In the Sutra of Bequeathed Teachings, the Buddha said, “Those who are able to be patient become powerful and great.”
True patience requires no energy. If you have to expend energy to be patient, you can be sure your patience will not last. Patience is found in resting in the spaces between thoughts. Patience is calm and nonjudgmental. It is humble and wise in that it does not expect to be first or to have everything go its own way all the time.
If you find yourself losing your patience, first, watch what you say. Be patient with speech. Don’t say something nasty. Second, be careful about your facial expression and your body language. Don’t express disapproval through your posture or attitude. Third, observe your mind. Untoward emotions in their basic states are nothing but surges of energy. If we do not label them as anger or impatience, we will find that they are valuable sources of energy. Fourth, remember that karma and conditions produce the appearance of a world around us. If we do not accept our conditions, we will not learn from them. If we do not learn from them, they will not change.
The Benefits of Patience
Patience brings many benefits. Patience teaches us and helps us grow quickly and efficiently toward full realization of the indwelling Buddha mind.
The four most basic benefits conferred by patience are:
Patience dissipates anger
The Avadanas say, “You must not repay anger with anger for anger must come to an end. By being patient you will bring an end to anger; this is the way of the Tathagata.”
Patience exhausts more than just the anger the person who is being patient might feel. Patience exhausts the anger of all who are around it because it gives that anger nothing to feed on. Without fuel, anger cannot burn for long.
Patience is a reliable refuge
In this world of suffering and pain, patience is our only certain refuge. The Patience of Rahula Sutra says:
There is no refuge in this world except reliance on patience. Patience is a peaceful dwelling where disasters cannot begin. Patience is an armor that a band of soldiers can not penetrate. Patience is a raft that will carry us across troubled waters. Patience is a medicine that can save our lives. The determination of one who is patient is strong enough to keep any vow.
Patience is the source of great goodness
Patience is a hidden virtue. It may not always be obvious to others, but it always produces much goodness. The Mahasamnipata says that patience is the highest virtue and the way to peace and happiness. It says that patience leads one out of isolation while providing one with the joys of a sage. The Mahasamnipata continues with a long list of the benefits of practicing patience. It says that patience can be a friend, improve your reputation, is loved by all the world, is a benefit in and of itself, is magnificent, brings one great power, and its light shines over the world. It achieves all happiness, creates success, defeats anger, eradicates suffering, produces a pleasant appearance, provides a good family, and receives many rewards. It is the best path, brings joy to people, achieves many wonderful things, removes all trouble, lengthens one’s lifespan, eradicates anger, and brings no harm to anyone. It does not steal, lie or indulge in sexual misconduct. It does not flatter or use harsh speech, become duplicitous, is not greedy or given to anger, is disconnected from all wrong views and wrong thoughts, always upholds the precepts, makes steady progress, aids meditation, increases Prajna wisdom and helps one fulfill the Six Paramitas.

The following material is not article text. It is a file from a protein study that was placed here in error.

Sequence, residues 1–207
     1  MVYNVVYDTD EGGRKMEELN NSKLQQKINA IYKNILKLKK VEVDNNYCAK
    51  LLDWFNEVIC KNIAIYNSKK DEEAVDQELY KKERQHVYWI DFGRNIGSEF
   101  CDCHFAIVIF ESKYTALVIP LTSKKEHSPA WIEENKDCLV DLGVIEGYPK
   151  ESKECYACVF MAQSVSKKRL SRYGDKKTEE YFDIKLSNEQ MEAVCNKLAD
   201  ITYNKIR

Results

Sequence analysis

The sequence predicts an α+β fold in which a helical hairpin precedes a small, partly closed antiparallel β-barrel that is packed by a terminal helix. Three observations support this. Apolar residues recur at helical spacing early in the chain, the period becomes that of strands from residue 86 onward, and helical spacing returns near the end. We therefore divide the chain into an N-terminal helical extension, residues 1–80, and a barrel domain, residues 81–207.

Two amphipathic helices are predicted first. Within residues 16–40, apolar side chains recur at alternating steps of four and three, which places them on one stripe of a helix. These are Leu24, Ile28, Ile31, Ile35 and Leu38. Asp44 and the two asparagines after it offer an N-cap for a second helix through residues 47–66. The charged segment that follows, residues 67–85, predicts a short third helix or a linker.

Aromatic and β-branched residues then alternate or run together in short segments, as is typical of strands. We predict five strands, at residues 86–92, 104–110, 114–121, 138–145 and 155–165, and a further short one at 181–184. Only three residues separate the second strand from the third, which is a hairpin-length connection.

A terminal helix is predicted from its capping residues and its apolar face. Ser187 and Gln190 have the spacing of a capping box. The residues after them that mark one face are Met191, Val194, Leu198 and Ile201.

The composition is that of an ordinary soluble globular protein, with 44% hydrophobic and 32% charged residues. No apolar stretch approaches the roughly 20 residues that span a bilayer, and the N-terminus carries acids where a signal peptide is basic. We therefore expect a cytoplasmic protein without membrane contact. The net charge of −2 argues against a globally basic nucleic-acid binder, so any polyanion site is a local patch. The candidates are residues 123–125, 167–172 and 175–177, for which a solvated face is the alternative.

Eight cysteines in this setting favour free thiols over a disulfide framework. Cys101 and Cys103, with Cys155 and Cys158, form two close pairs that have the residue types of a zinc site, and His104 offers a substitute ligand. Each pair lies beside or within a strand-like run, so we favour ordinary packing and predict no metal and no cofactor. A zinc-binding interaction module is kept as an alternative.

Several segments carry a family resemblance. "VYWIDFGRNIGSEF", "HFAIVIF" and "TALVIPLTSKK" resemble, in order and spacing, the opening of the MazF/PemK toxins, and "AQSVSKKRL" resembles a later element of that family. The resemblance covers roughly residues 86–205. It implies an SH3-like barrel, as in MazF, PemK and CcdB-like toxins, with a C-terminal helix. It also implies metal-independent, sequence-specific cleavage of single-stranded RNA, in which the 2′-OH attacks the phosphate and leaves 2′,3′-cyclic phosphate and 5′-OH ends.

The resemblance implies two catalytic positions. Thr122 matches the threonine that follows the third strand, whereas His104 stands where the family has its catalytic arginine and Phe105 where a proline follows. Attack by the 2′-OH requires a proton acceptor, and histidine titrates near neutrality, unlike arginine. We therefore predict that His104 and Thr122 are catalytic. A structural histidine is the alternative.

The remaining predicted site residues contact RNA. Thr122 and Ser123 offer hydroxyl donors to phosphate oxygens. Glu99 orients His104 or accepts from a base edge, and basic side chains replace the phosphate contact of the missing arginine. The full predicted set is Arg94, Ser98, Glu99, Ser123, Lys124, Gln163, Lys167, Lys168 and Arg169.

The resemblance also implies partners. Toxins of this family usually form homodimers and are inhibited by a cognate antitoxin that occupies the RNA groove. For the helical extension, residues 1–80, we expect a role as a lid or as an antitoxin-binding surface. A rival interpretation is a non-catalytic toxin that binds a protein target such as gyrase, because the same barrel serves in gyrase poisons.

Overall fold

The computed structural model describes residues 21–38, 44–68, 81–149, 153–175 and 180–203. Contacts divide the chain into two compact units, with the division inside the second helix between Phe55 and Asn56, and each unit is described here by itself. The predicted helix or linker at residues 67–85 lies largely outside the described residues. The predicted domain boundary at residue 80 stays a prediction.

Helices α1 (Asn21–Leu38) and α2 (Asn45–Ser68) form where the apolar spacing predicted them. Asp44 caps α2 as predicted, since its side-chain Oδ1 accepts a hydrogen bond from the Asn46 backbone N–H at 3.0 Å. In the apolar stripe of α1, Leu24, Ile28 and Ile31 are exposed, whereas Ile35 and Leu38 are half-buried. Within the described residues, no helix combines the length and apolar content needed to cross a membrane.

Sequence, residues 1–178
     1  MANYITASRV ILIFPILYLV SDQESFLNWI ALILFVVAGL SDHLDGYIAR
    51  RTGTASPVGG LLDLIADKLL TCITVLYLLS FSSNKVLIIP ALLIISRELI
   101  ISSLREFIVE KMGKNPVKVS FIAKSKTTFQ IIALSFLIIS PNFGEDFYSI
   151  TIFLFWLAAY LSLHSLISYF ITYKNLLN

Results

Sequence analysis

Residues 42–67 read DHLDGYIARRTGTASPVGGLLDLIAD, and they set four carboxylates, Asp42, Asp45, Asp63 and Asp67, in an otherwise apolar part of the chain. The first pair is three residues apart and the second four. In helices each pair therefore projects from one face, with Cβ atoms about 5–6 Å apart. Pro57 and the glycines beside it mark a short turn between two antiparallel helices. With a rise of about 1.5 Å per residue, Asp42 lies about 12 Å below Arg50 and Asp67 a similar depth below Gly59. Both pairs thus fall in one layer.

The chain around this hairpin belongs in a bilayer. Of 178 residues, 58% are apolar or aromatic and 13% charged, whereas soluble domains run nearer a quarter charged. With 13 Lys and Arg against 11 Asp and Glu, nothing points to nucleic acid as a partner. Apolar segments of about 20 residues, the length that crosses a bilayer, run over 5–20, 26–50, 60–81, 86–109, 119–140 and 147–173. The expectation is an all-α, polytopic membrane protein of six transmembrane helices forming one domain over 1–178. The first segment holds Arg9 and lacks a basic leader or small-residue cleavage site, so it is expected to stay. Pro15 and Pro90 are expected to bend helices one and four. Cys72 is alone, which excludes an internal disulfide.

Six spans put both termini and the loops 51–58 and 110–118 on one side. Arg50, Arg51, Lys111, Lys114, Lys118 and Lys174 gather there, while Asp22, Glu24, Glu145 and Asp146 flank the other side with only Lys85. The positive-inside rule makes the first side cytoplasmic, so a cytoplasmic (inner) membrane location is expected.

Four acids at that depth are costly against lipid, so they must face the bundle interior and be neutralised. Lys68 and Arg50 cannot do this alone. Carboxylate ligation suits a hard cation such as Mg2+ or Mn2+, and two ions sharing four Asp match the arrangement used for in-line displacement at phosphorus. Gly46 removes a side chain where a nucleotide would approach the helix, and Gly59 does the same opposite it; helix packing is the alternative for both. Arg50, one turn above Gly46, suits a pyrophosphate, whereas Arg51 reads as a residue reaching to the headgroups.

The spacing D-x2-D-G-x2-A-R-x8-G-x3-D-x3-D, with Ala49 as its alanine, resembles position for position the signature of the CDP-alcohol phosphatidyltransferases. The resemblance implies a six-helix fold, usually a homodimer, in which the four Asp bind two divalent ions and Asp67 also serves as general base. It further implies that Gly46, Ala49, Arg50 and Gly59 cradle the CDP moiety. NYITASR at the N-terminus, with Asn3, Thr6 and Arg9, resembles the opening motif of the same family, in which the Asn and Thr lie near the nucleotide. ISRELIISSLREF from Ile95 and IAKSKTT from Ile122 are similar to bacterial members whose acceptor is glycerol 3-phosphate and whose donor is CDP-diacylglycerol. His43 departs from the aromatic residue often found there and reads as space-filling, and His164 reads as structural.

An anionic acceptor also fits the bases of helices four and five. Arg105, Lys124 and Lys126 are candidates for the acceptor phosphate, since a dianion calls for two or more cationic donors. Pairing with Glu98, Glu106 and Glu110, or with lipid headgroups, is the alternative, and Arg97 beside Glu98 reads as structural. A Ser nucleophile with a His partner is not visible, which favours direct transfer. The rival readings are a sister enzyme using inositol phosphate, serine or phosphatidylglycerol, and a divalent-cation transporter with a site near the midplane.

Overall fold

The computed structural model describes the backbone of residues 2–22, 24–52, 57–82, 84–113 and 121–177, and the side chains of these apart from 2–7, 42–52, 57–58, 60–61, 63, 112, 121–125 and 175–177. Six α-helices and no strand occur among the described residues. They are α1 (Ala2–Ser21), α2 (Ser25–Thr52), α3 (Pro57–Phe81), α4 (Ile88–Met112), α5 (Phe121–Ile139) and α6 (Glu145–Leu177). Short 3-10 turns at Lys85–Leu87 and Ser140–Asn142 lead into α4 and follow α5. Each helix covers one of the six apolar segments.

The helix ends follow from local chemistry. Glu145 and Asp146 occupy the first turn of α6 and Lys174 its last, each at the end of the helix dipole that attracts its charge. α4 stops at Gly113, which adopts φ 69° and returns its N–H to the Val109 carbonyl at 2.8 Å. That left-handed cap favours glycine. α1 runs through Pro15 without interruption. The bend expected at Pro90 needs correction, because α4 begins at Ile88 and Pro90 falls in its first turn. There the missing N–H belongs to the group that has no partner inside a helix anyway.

Patience is the source or cause of bodhi wisdom
Patience under insult not only teaches us how to live among the beings in this world, it also teaches us how to become Buddhas ourselves.
In the Patience of Rahula Sutra, the Buddha says, “Due to the practice of patience, I have attained Buddhahood and am revered by all worlds. Freely, I travel throughout the three realms.”
The Upasakasila Sutra says:
Even if your body were being hacked to pieces, you still should not become angry; you should contemplate deeply the causes of this karma and practice compassion and kindness toward all beings. If you are unable to be patient in little things, how will you be able to do the great work of helping all sentient beings? Patience under insult is the main cause of awakening in the bodhi mind. Anuttarasamyaksambodhi [complete enlightenment] is the result of being patient under insult. If you do not plant those seeds, then how can you expect to attain those results?